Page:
Last month, I saw Pearl Jam play at Wrigley Field. Play isn’t quite the right word. Steamroll. Freight train. Destroy. Those are all better ways of describing the energy that Eddie Vedder and the rest of the band bring to their shows. It was my first time seeing them live — nearly 27 years since they dropped Ten — an album I played so much in college that my soul knows every chord and haunting howl by heart.


It was Eddie in his hometown, commanding the stage above his beloved Cubbies outfield. He’s the lead singer who grinds, who exploded as part of Seattle grunge but figured out how to survive. None of the other leading frontmen from that era are still alive. Kurt Cobain. Chris Cornell. Layne Staley. Scott Weiland. Andrew Wood. They all succumbed to their demons. Eddie just seems to wrestle with his every time he steps on stage. I believe that’s why Pearl Jam’s music persists, why this band will always be remembered as one of the greatest. Eddie figured out how to talk to his demons, and through his music, let us talk to and tame our own.


Eddie’s voice came back to me on Thursday night. I’d just finished dinner with K and was heading west to another event. The sun filled my windshield, blindingly orange and incredibly tempting.

How much time do I have? It doesn’t start for another 25 minutes. 

I came to my turn on the edge of town, but didn’t take it.

Eddie’s voice. Rearviewmirror….

I took a drive today, time to emancipate….

I took off after another sunset.

I needed to feel the gravel under my tires, to see the re-opening horizon as harvest buzzcuts the fields. I left a quarter-mile cloud of dust behind me as I chased.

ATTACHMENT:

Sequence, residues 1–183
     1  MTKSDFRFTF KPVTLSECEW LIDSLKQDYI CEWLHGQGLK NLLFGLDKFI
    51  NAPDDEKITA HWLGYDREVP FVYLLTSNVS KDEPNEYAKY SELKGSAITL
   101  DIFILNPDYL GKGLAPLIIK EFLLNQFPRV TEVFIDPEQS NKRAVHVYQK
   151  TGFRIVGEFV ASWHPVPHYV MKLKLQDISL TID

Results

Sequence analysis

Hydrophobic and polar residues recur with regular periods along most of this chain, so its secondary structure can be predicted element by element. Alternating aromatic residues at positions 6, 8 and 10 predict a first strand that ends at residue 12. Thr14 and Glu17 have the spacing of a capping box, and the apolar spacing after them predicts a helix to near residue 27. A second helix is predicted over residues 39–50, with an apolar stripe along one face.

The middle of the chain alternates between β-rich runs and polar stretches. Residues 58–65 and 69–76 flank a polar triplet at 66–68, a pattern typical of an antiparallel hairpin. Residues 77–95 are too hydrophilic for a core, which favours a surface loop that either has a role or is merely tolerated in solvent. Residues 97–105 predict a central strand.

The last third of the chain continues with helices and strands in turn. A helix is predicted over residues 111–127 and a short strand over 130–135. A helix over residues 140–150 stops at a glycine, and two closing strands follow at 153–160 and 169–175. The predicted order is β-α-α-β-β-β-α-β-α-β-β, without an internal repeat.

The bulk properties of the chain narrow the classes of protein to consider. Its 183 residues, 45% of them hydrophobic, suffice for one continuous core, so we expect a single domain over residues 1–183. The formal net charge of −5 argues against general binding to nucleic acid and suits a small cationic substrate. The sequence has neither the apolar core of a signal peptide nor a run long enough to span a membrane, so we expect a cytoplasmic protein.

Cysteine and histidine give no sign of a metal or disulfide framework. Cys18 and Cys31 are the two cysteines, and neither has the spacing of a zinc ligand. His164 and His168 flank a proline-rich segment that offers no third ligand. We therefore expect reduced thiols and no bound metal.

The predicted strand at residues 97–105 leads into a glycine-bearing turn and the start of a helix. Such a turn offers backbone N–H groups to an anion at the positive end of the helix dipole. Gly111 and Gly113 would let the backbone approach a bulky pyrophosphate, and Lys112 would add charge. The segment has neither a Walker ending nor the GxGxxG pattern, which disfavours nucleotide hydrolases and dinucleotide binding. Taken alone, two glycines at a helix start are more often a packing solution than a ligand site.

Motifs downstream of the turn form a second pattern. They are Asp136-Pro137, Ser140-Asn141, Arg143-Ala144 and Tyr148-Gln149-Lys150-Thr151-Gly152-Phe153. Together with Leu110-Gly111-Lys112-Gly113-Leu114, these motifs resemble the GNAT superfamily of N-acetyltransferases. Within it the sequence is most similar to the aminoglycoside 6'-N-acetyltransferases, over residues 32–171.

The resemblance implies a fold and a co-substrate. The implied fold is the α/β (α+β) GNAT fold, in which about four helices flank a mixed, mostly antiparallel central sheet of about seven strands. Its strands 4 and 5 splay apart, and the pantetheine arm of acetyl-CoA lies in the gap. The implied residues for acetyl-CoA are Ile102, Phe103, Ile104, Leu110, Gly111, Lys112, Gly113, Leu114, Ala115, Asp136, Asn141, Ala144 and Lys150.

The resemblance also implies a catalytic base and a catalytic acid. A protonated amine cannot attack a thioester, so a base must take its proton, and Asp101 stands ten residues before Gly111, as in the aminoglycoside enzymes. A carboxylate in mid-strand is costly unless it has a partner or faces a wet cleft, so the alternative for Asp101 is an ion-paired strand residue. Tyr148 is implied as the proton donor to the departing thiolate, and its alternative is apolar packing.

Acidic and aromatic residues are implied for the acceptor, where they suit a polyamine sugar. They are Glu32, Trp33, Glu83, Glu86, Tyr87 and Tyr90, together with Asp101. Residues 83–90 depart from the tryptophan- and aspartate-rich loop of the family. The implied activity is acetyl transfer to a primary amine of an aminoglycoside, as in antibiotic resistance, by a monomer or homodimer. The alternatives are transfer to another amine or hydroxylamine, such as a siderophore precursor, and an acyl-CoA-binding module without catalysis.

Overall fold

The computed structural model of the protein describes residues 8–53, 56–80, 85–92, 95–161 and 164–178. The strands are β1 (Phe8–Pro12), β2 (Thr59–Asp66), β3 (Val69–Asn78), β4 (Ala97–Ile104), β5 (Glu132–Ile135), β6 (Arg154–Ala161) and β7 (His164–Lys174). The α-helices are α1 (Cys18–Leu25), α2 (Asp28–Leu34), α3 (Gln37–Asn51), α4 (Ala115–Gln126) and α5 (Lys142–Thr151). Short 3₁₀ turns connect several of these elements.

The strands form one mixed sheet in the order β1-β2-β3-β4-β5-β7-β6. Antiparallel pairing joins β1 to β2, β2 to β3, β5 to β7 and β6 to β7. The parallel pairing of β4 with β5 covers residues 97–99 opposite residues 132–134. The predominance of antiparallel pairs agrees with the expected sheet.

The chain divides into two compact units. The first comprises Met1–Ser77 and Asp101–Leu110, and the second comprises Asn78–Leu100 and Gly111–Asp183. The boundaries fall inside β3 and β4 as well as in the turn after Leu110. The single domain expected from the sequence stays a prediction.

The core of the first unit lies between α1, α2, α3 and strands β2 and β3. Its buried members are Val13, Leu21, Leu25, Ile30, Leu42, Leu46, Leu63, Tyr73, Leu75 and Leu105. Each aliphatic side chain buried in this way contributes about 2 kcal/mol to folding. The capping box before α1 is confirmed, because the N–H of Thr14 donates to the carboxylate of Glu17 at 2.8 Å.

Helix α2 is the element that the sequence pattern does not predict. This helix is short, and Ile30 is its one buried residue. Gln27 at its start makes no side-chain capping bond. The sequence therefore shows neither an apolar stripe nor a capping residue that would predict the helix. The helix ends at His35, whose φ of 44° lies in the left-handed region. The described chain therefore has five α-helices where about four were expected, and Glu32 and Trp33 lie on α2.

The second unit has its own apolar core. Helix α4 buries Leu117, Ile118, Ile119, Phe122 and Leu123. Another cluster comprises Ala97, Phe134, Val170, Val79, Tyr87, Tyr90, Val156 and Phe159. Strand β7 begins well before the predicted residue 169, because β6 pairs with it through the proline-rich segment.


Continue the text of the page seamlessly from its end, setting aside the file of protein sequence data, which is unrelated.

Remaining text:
My mind kept framing the scene in front of me, wondering where I would stop to capture the image. Nothing would settle. Nothing seemed worth the stop. I was out of time. My event started in ten minutes, so I turned back east.

I looked behind me in the mirror. It was spotted and smudged, but the sunset filled it with a beauty I hadn’t seen through the windshield.

Saw things
Saw things
Saw things
Saw things
Once you, were in my…

I stopped the car and let my dusty wake settle.

A dusky, peaceful sunset appeared before me.

But, I saw something else.

I saw my life’s rearview mirror. I saw all the people and relationships I’ve chosen to exclude from my life. I saw all the drama into which I injected myself, not as a useful coach, but more often a complicating, self-serving “solution”. I saw all of the ways in which I was bad for others, and the ways in which they were bad for me. I saw how I brought out the worst in some, and others brought out the worst in me.

Most clearly, I saw all the versions of me that didn’t work, that I no longer want, choose, or need to be. I no longer need to fight to keep those versions in my rearview. They are indelibly part of my history, but they no longer define who I am.

I now see clearly who I am. I know who I am as a partner, father, son, friend, leader, colleague, and citizen — and I’m proud of him. My relationships that remain are all productive and healthy, and that includes my relationship with myself.

I’ve spent much of the last two years learning to forgive those previous versions of me, while learning from their mistakes — and not engaging those people or situations that provoke or tempt them.

I’ve often wondered why I’m motivated to chase the sky as I do. Eddie’s words may hold the key.

Saw things
Saw things
Saw things
Saw things
Once you, were in my…

I think I need to offer the pieces that no longer fit in my life back to the universe. I give them to the sun as it disappears over the horizon. I let the sun take my demons back into the ether. I turn back east — seeing myself, and tomorrow, more clearly.

Published by Christopher Tidrick

Be real. Love always. Share beauty. Lead well. Learn more.

One Comment

  1. I’ve heard great things about Eddie and how he has taken young up and coming artists under his wing in Hawaii — great insights here :)) Dawn



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